vim enabled with priority 150.
yarn enabled with priority 150.
yarn enabled with priority .

To show help for aliases, run:

$ bash-it help aliases

See sample output.

vhl='vagrant hosts list'
vscp='vagrant scp'
vsl='vagrant snapshot list'
vst='vagrant snapshot take'
vup="vagrant up'
vupl="vagrant up 2>&1 | tee vagrant.log'
vh="vagrant halt'
vs="vagrant suspend'
vr="vagrant resume'
vrl="vagrant reload'
vssh="vagrant ssh'
vst="vagrant status'
vp="vagrant provision'
vdstr="vagrant destroy'
vl="vagrant list'
vhst="vagrant hostmanager'

vad="vault delete'
val="vault list'
var="vault read'
varn="vault renew'
varv="vault revoke'
vasrv="vault server'
vas="vault status'
vav="vault version'
vaw="vault write'
vag="vault login -method=github'
varv="vault read -field=value'

To disable an alias, run:

$ bash-it disable alias  [alias name]…
$ bash-it disable alias all

Using Bash-it completions

List all installed and available completions:

$ bash-it show completions

To enable a completion, do:

$ bash-it enable completion   [completion name]...


$ bash-it enable completion vagrant virsh pip3 openshift packer knife docker

vagrant enabled with priority 350.
virsh enabled with priority 350.
pip3 enabled with priority 350.
openshift enabled with priority 350.
packer enabled with priority 350.
knife enabled with priority 350.
docker enabled with priority 350.

Or enable all with:

$ bash-it enable completion all

To show help for installed completions, use:

$ bash-it help completions

To disable a completion, do:

$ bash-it disable completion   [completion name]...


$ bash-it disable completion all

Using Bash-it Plugins

Plugins are used to extend bash features and functions. Bash-it comes with a number of plugins that you can enable to unlock them.

To list available plugins, use the command:

$ bash-it show plugins

To enable plugin, use:

$ bash-it enable plugin   [plugin name]...

OR enable all with:

$ bash-it enable plugin all

This example enables plugin used to display info about your battery charge level.

$ bash-it enable plugin battery
battery enabled with priority 250.

Then source your bashrc profile.

$ source ~/.bashrc

See output


To disable a plugin, do:

$ bash-it disable plugin  [plugin name]…


$ bash-it disable plugin all

Using Search Function

Bash-it search function is used to quickly find out which of the plugins, aliases or completions are available for a specific framework, programming language, or an environment.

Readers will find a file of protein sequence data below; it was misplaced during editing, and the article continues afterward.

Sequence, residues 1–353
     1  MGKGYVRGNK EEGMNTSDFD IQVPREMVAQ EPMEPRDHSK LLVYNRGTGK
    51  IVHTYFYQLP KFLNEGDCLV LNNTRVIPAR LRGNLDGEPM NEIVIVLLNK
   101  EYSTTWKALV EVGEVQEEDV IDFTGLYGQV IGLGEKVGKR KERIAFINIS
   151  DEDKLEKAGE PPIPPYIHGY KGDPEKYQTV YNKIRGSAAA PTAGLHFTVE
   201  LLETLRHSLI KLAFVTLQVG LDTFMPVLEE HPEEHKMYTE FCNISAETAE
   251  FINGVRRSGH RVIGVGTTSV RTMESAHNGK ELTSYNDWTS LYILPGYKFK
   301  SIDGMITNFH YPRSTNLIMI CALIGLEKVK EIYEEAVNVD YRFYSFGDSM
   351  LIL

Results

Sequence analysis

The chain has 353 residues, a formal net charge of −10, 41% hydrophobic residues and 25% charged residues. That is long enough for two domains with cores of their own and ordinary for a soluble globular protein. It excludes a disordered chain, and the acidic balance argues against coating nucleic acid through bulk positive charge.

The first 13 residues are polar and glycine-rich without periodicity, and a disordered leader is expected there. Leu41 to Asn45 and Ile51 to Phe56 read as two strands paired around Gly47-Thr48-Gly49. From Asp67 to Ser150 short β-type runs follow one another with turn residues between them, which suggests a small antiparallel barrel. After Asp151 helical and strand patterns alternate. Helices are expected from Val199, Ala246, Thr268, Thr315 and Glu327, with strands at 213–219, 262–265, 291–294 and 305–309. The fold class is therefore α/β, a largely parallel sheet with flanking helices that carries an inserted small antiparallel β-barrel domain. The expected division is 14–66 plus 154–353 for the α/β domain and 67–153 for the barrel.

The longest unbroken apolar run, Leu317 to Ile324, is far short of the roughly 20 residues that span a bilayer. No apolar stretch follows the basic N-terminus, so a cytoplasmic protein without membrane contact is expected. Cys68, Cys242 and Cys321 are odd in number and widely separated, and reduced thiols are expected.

Use it to find stuff related to your working environment. The search syntax is:

$ bash-it search term1 [[-]term2] [[-]term3]....

Search everything related to Python:

$ bash-it search python pip
      plugins:  pipsi python
  completions:  pip pip3 pipenv

Or for Ruby developer:

$ bash-it search ruby rake gem bundle irb rails
      aliases:  bundler rails
      plugins:  chruby chruby-auto rails ruby
  completions:  bundler gem rake

The modules enabled are shown in green. You can prefix a search term with a “-” to exclude it from the results.

$ bash-it search ruby rake gem bundle irb rails -chruby

By adding a --enable or --disable to the search command, you can automatically enable all modules that come up as a result of a search query.

Changing Bash-it theme

There are over 50+ Bash-it themes to pick from in $BASH_IT/themes

$ ls ~/.bash_it/themes/

To change your Bash theme, set BASH_IT_THEME to the theme name you want to use.

$ vim ~/.bashrc

Set like below.


You can see theme screenshots on wiki/Themes.

NOTE: Bash-it and some themes use UTF-8 characters, so to avoid strange behavior in your terminal, set your locale to LC_ALL=en_US.UTF-8 or the equivalent to your language if it isn’t American English.

How to Update Bash-it

To update Bash-it to the latest version, simply run:

$ bash-it update
Bash-it is up to date, nothing to do!

If you are using an older version of Bash-it, it is recommended to use migrate command.

$ bash-it migrate

This command will automatically migrate the Bash-it structure to the latest version.

How to uninstall Bash-it on Linux / Unix

To uninstall Bash-it, run the script found in the $BASH_IT directory:

$ cd $BASH_IT
$ ./
Your original .bashrc has been restored.

Uninstallation finished successfully! Sorry to see you go!

Final steps to complete the uninstallation:
  -> Remove the /home/jmutai/.bash_it folder
  -> Open a new shell/tab/terminal

Check the Bash-it project’s page to learn more on how to customize it. I hope this guide was helpful in your journey to a better terminal experience on Linux.


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A systems engineer with excellent skills in systems administration, cloud computing, systems deployment, virtualization, containers, and a certified ethical hacker.